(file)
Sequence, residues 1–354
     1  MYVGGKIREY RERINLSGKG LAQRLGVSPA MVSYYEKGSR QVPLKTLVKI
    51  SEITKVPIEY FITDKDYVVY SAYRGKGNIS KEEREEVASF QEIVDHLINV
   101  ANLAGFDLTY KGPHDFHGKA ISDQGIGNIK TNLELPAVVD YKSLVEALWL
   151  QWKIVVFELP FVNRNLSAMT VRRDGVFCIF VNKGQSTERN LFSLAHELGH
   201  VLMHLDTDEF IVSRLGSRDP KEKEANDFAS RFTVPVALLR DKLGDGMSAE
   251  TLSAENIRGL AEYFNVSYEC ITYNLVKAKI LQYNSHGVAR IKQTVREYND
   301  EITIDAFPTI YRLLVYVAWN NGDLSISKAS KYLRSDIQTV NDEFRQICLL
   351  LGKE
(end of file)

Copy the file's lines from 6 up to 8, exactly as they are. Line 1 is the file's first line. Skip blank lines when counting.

   201  VLMHLDTDEF IVSRLGSRDP KEKEANDFAS RFTVPVALLR DKLGDGMSAE
   251  TLSAENIRGL AEYFNVSYEC ITYNLVKAKI LQYNSHGVAR IKQTVREYND
   301  EITIDAFPTI YRLLVYVAWN NGDLSISKAS KYLRSDIQTV NDEFRQICLL